Diamonds and other precious and semi-precious gemstones are extracted from the earth namely three main types on  mining. These diamond extraction methods vary depending on how the minerals are deposited within the earth, the stability of the material surrounding the desired mineral, and the peripheral damage done to the nearby environment. Each diamond is different, which means our approach at each of our operations must be different – tailored to the geology and conditions we find.

The standard methods of extraction for diamonds are: Open Pit Mining, Underground Mining, Marine Mining, Alluvial/Eluvial Mining


Open-pit diamond mining, also known as “open-cast mining” is a method of extracting rock and minerals from the earth by removal from a machine-dug open pit or burrow. Open pit mines are typically used when mineral deposits are found close to the surface or along defined kimberlite pipes. Open pit mining is used when the surface material covering the deposit is relatively thin and/or the desired minerals are imbedded within structurally unstable earth that is unsuitable for tunneling. Small “pit lakes” tend to form at the bottom of open-pit mines as a result of groundwater intrusion.


Underground mining refers to a variety of techniques used to mine gems, minerals, and ore bodies by tunneling underground and creating underground rooms supported by timber pillars of standing rock. Accessing the underground ore is achieved namely a “decline” or a “shaft”. A “decline” is a spiral tunnel which circles the side of the ore deposit or circles around the deposit. A “shaft” is vertical tunnel used for ore transport and runs adjacent to the ore. A “decline” is normally used for personnel and machinery access to the ore.


Marine mining technology only became commercially possible in the early 1990s. Marine diamond mining employs both “vertical” and “horizontal” techniques to mine diamonds from offshore placer deposits. Vertical marine mining uses a 6 to 7 meter diameter drill head to cut into the seabed and suck up the diamond bearing objects from the sea bed. Horizontal mining employs the use of Seabed Crawlers (remotely controlled, CAT-tracked underwater mining vehicles) move diagonally the sea floor pumping gravel up to an offshore vessel.


Alluvial diamonds is the term used to describe diamonds that have been removed from the primary source (Kimberlite) by natural erosive action over millions of years, and eventually deposited in a new environment such as a river bed, an ocean floor or a shoreline.  Large concentrations of alluvial diamond deposits are mined on an industrial basis.  However, most alluvial diamond deposits are spread across huge geographic areas which cannot be easily isolated and therefore are not mined industrially.  These deposits are mined informally, in a non-regulated way.  This is commonly known as artisanal or small scale-alluvial diamond digging.  Around 10% of the world’s rough diamonds are sourced through industrial alluvial mining and 14% through artisanal or small-scale informal alluvial diamond digging Alluvial diamond deposits are found on the Atlantic coast of South Africa and Namibia, as well as in some riverbeds in Angola, Sierra Leone, Democratic Republic of Congo, Central African Republic, Cote d’Ivoire, Guinea, Ghana, Liberia, Tanzania, Togo, Brazil, Venezuela, Guyana and South Africa.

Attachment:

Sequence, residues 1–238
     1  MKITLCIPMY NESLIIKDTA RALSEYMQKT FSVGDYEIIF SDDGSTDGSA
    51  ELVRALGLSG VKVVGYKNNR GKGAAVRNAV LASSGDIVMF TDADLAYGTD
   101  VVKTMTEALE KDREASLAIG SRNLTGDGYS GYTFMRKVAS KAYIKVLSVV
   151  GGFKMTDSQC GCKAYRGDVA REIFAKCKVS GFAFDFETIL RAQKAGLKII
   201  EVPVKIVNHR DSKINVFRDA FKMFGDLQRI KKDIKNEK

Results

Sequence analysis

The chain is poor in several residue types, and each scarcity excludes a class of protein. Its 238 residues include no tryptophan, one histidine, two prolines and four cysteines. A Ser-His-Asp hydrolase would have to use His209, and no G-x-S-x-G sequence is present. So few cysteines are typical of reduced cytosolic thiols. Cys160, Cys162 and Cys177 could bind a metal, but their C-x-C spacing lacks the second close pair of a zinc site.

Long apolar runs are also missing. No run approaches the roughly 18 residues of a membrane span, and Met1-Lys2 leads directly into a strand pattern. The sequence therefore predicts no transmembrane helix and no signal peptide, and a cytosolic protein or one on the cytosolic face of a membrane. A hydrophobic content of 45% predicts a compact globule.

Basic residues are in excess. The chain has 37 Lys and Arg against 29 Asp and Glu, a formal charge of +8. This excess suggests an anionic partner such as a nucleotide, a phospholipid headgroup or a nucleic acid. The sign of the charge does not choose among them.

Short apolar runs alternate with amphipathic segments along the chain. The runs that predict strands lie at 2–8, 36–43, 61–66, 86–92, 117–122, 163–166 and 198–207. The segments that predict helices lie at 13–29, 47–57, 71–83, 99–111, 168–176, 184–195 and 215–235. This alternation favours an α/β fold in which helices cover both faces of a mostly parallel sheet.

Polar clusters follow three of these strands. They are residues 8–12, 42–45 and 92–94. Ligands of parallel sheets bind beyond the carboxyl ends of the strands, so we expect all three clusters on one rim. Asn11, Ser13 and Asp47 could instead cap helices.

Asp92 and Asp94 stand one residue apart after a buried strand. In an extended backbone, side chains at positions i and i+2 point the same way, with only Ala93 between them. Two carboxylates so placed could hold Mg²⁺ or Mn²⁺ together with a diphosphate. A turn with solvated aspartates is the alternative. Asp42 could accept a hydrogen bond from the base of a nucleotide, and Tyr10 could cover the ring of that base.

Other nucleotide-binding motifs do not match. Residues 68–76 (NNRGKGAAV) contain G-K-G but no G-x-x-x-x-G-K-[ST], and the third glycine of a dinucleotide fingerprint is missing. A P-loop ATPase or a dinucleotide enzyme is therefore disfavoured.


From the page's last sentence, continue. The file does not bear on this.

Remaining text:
The Ekati Diamond mine is Canada’s first surface and underground diamond mine.  It is situated at Northwest Territories at Lac de Gras, 310 km north-east of Yellowknife and about 220 km south of the Arctic Circle. Ekati Diamond mine officially began operation on 1998.

The mine is operated by Diavik Diamond Mines Inc., a subsidiary of Rio Tinto plc, one of the largest and most highly regarded mining companies.

The Ekati mine is distinguished for the premium gem quality diamonds it produces.  The largest diamond produced to date at the mine is the 78 carat Ekati Spirit.  A production milestone of 50 million carats was achieved in 2011.


The Diavik Diamond Mine is a diamond mine in the North slave Region of the Northwest Territories, Canada, about 300 km north of Yellowknife.  It has become an important part of the regional economy producing approximately 7.5 million carats of diamonds annually.

The mine is owned by a joint venture between the Dominion Diamond Corporation and Diavik Diamond Mines Inc., a subsidiary of Rio Tinto Group. The lifespan of the mine isexpected to be 16 to 22 years.

In March 2010, underground mining began at the mine. The transition from open pit to underground mining is expected to be completed in the near future.


The Victor Mine is located in the James Bay Lowlands of Northern Ontario, approximately 90 km west of the coastal community of Attawapiskat First Nation.

The Victor Open Pit Mine is Ontario’s first diamond mine, began development in January 2006 and came into production in spring 2008.  The value of the diamonds extracted, at about $440 per carat, is one of the highest in the world.  At full capacity, the mine is expected to produce about 600 000 carat a year over a 12-year open-pit mine life.


The Renard mine is one of the largest diamond mines in Canada. The Renard Diamond Project is located approximately 250 km north of the Cree community of Mistissini and 350 km north of Chibougamau in the James Bay region of North-Central Québec.The mine has estimated reserves of 17.6 million carats of diamonds and an annual production capacity of 1.6 million carats.

The project benefits from a large and growing resource, good mining conditions, and the development of direct-to-mine road infrastructure.   A first for diamond mining in Canada, year round road access will allow Renard to be developed and operated with significantly reduced costs and operating risk.  In an era of steadily growing diamond demand and decreasing supply, Renard is one of the best undeveloped diamond deposits in the world today.